Bacteria, such as streptococcus, use an RNA switch to turn on genes that fight off toxic fluoride.
Photograph by Thinkstock

Fighting Fluoride

Riboswitch helps bacteria toss out toxic fluoride.

Since the early 1950s, fluoride has been added to toothpaste, mouthwash, and water to strengthen tooth enamel and prevent tooth decay by killing bacteria. Now, research by HHMI investigator Ronald R. Breaker shows how bacteria that live inside the mouth respond to this toxic ion.

Breaker’s lab group at Yale University studies a type of noncoding RNA, called a riboswitch, that helps turn genes on and off. Riboswitches are attached to the genes they regulate; if a gene is involved in the production of a certain compound, the riboswitch usually is sensitive to that compound. If the level of the compound gets too high or too low, the riboswitch can cause more or less of it to be made.

Recently, Breaker and his colleagues discovered a riboswitch attached to several genes with a diverse set of functions. Curious about the riboswitch’s job, the scientists put the RNA in a test tube and added different compounds, observing whether the substances bound to the riboswitch. They worked through a long list of chemicals before accidentally stumbling upon fluoride—the ion was a contaminant in one sample they were testing.

Once the team learned their riboswitch interacted with fluoride, they determined that some of the genes controlled by the RNA are involved in removing fluoride from a cell. Breaker explains that when fluoride builds up to toxic levels in a cell, a riboswitch binds to fluoride and turns on genes that can overcome its effects by transporting it out of the cell.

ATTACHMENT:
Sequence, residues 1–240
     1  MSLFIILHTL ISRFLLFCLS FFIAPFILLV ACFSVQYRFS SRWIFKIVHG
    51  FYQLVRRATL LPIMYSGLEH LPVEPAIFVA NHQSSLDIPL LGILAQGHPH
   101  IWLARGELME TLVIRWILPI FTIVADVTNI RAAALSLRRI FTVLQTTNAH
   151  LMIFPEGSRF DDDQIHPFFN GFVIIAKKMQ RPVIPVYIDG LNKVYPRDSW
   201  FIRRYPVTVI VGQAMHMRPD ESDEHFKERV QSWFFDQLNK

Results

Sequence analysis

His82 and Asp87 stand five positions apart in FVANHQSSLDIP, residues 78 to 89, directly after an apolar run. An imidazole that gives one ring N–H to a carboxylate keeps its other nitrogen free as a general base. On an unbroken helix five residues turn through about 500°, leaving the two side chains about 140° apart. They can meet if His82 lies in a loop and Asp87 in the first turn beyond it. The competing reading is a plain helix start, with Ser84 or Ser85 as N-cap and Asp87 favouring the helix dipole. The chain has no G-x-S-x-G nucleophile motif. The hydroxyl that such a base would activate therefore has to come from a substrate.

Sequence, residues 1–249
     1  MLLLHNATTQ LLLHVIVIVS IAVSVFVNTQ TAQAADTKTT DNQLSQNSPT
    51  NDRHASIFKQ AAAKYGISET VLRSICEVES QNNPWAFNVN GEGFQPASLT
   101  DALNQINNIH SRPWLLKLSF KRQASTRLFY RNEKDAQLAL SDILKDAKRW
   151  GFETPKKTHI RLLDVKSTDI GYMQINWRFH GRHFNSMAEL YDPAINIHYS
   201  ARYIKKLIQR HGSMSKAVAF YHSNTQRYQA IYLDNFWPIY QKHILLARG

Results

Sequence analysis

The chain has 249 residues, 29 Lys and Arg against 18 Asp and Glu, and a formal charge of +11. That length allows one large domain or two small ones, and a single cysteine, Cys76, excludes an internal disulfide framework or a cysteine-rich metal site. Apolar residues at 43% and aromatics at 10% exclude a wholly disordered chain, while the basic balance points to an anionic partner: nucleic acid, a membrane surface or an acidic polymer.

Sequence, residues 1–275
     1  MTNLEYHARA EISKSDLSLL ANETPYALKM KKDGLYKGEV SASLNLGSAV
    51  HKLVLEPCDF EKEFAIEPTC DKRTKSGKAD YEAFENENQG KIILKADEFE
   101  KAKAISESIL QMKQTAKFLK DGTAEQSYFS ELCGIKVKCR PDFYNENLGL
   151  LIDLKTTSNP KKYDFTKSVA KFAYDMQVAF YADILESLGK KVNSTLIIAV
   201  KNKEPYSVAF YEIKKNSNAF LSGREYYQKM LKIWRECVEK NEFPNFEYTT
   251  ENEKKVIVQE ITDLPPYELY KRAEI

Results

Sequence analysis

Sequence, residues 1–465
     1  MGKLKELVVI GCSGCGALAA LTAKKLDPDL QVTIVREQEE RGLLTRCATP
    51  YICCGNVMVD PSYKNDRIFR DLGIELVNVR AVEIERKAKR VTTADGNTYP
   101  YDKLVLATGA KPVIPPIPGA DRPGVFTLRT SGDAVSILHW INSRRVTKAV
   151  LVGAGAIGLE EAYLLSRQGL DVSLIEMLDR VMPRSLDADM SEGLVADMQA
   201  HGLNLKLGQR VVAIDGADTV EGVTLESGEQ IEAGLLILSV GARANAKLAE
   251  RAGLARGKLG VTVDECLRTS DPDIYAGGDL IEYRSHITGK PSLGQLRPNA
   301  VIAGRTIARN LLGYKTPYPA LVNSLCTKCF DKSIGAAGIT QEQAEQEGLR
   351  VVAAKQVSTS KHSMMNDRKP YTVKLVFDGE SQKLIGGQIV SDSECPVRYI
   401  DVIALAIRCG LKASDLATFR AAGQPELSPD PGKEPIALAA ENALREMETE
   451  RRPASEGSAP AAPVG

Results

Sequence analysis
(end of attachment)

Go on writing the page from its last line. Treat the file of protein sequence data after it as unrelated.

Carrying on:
Because genes associated with fluoride-sensitive riboswitches are found in many types of bacteria, fungi, and plants, the research team concluded that these RNAs and the genes they control may represent components of an ancient system that cells have evolved to deal with toxic levels of this ion. The researchers published their findings January 13, 2012, in Science.

“Our data not only help explain how cells fight the toxicity of fluoride, the results also give us a sense of how we might enhance the antimicrobial properties of fluoride,” says Breaker. For example, the researchers showed that deleting the fluoride channel makes cells 200 times more sensitive to fluoride.

Scientist Profile

Investigator
Yale University
Biochemistry, Microbiology

Related Links